In fact, that's the second quarter in a row that New Orleans was the top-performing metro area in the country.
The Brookings MetroMonitor report measures factors like unemployment, home prices and gross metropolitan product (output), measured against a city's lowest economic point.
That gives New Orleans a decided advantage.
For most of the country, the baseline for economic recovery is the great recession that began in 2007, and most other U.S. metros bottomed out during the recession in 2009.
But, for New Orleans, the economic shock was delivered by Hurricane Katrina, and the city's recovery is measured from the first quarter of 2004.
"For New Orleans' purposes, the recovery began after Hurricane Katrina," says Brookings data manager Alec Friedhoff.
So, New Orleans got a jump on other cities, with its recovery measured from Quarter 1 of 2004.
Friedhoff says the huge influx of recovery money after the storm gave New Orleans' recovery quite a kick start, actually before the great recession began.
He says post-Katrina New Orleans is experiencing an unprecedented rebuilding effort that's created new jobs and is spurring economic growth.
"Anytime a place deals with such a severe trauma, its bounce back is going to be quick, by normal standards," says Friedhoff.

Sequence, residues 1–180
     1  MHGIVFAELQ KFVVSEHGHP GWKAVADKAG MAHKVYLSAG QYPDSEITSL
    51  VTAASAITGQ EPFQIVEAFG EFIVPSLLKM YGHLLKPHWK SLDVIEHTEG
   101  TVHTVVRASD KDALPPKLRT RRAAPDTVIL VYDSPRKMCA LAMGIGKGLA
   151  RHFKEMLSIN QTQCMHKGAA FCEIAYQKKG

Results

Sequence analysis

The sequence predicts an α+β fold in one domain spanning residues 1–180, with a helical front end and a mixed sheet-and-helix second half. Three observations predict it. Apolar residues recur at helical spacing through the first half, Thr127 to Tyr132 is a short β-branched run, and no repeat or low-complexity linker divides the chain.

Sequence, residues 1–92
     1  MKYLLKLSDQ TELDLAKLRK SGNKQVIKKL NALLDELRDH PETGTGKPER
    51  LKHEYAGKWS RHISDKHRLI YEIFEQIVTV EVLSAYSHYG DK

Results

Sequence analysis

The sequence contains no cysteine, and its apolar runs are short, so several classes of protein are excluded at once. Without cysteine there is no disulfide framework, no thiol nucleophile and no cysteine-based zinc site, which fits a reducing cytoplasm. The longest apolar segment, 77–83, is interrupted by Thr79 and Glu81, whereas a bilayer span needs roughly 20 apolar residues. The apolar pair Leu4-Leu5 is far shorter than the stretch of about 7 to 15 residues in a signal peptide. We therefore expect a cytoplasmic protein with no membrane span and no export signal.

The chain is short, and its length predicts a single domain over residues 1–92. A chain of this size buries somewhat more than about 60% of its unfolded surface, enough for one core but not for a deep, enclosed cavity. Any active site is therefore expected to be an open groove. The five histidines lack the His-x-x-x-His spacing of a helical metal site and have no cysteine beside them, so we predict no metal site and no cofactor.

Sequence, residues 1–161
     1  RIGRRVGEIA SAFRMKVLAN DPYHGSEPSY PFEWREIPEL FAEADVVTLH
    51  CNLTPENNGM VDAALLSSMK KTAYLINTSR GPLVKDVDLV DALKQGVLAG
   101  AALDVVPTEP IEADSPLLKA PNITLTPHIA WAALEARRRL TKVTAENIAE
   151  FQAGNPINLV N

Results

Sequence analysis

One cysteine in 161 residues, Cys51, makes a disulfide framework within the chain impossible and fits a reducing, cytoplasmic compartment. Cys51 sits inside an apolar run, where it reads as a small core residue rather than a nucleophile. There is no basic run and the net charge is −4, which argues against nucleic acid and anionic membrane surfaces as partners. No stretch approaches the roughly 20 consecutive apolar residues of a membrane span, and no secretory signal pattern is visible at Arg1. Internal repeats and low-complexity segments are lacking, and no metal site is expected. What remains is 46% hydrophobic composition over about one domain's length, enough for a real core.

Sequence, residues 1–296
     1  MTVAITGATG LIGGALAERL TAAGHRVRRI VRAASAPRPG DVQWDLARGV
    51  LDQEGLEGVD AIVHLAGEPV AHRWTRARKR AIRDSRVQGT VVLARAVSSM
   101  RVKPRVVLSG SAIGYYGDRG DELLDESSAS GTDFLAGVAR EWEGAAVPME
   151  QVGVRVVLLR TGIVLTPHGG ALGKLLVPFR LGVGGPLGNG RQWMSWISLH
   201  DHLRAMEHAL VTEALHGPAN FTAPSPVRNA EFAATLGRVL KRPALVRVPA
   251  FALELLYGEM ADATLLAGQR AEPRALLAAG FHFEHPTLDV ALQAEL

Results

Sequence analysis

"That gives New Orleans a longer time period to recover, therefore it appears at the top of our ranking."
But, New Orleans still has quite a story to tell, and the City is doing just that.
Responding to the Brookings report, the City pointed to a 20.9% growth in employment and a 23.6% growth in output since 2004.
And, Friedhoff doesn't begrudge the city that claim.
"While the unemployment rate is still quite high, by normal standards in the region, it's still lower than the national average."
"The region is recovering," says Friedhoff. "Though it's still not where it was pre-Katrina."
The local housing market is another plus for the area.
"There are thirteen places that are not currently at the bottom of their housing market, by our data," Friedhoff says. "New Orleans is one of those places that has actually begun recovery in the housing market."
The Brookings report does contain cause for concern, though.
"The pace of job growth and the pace of output growth has been slowing, and we see that across metropolitan America. So, that points to a recovery that is losing steam, essentially."